Cold calling was always a difficult way to get sales leads. Consumers hated being called out of the blue and often expressed their anger with profanity or (if the caller was lucky) hanging up without comment.

Calling businesses wasn't much easier. While there was less profanity directed at the caller, reaching a decision-maker meant dealing with gatekeepers whose job was to put cold callers on infinite hold.

Then came voice mail, which meant that fewer calls went through to an actual person. To bypass voice mail, cold callers began using auto-dialers which call multiple numbers until a human being answers, at which point the salesperson is put on the line.

Auto-dialers, however, always have a slight lag, making it obvious to the person being called that they're being auto-dialed. Most people (consumers and businesspeople alike) simply hang up.

To make matters worse (for the cold callers), an increasing number of consumers and even businesses are dumping their land-lines and just using mobile phones. Since it's illegal (at least in the U.S.) to auto-dial cell phones, salespeople who want to cold call must dial directly, a time-consuming process.

Even then, making a connection is iffy and the best a cold caller can expect is to end up in voice mail. That was bad enough before, but not leaving voice mail is rapidly becoming an exercise in futility.

According to the VOIP provider Vonage, each year a larger percentage of voice mails are never retrieved. Millennials, in particular, don't like voice mail and prefer to use texting and email. Voice mail has become so unpopular that some companies are shutting it down. Coca-Cola, for example, no longer has voice mail at its corporate headquarters.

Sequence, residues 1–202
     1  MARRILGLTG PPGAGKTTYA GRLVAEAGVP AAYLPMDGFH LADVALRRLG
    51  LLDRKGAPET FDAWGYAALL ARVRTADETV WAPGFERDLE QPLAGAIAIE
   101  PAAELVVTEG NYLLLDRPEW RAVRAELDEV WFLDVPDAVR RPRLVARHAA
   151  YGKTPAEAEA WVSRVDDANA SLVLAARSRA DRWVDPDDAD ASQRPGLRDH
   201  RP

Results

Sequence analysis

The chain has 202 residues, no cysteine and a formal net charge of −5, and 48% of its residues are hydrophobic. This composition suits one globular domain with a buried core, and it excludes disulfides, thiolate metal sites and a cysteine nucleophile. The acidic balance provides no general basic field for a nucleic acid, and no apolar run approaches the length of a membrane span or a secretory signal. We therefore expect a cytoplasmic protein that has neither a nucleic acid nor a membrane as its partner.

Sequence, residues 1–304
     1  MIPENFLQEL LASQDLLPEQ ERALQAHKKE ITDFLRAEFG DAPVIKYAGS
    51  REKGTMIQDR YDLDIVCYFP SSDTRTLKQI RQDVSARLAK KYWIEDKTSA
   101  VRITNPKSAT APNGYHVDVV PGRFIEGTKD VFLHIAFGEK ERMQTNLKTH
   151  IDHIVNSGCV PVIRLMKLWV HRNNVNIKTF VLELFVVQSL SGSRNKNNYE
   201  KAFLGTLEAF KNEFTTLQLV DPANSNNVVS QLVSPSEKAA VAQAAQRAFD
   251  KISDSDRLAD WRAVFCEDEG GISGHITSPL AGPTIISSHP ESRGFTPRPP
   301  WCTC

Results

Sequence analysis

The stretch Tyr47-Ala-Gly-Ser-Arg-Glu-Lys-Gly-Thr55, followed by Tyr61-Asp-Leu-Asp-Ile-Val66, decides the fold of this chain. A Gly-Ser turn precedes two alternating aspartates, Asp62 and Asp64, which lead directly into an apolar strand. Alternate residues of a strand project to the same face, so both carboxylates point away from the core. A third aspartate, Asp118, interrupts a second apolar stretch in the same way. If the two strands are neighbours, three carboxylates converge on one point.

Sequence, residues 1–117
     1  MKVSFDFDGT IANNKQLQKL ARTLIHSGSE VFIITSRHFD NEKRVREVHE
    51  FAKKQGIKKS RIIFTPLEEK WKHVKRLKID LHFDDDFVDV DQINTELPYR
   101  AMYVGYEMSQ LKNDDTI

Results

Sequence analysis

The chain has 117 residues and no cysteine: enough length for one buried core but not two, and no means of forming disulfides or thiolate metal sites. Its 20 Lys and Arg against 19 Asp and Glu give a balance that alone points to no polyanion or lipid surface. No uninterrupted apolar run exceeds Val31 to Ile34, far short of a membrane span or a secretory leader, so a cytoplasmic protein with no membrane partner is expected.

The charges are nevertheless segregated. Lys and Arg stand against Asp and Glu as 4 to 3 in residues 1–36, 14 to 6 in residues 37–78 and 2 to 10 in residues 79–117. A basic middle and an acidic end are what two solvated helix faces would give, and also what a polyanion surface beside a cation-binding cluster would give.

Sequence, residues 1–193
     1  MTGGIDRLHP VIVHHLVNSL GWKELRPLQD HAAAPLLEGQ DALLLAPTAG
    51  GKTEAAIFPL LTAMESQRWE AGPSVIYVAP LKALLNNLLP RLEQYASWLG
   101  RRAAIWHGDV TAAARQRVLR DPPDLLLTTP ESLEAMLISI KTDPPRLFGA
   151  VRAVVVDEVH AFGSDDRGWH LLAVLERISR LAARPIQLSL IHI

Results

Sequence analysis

Voice mail is becoming like FAX--a technology that's still in use in many workplaces but increasingly seen as more bother than it's worth.

There's a bigger picture here, though, that is truly the nail in coffin for cold calling.

The entire concept of cold calling is dependent on the idea that normal phone behavior is to answer a ringing phone and have a spontaneous conversation. As originally conceived, voice mail was supposed to be a backup plan to that, providing the person who'd been called the opportunity to call back the original caller, at which point the spontaneous conversation would take place.

What's different today is that people--consumers and decision-makers alike-won't take calls from people they don't know. (Even then only when it's convenient.) Phone conversations are quickly becoming a "by appointment only" activity. People use email, text and calendar programs to schedule a mutually agreed-upon time to speak.

There's no place for cold calling in that model.

This is not to say that there aren't companies attempting to develop sales leads through cold calling. However, they're not getting much of anywhere because the only people who still use land lines, listen to voice mail and answer the phone directly are senior citizens and low-level people at "buggy whip" companies.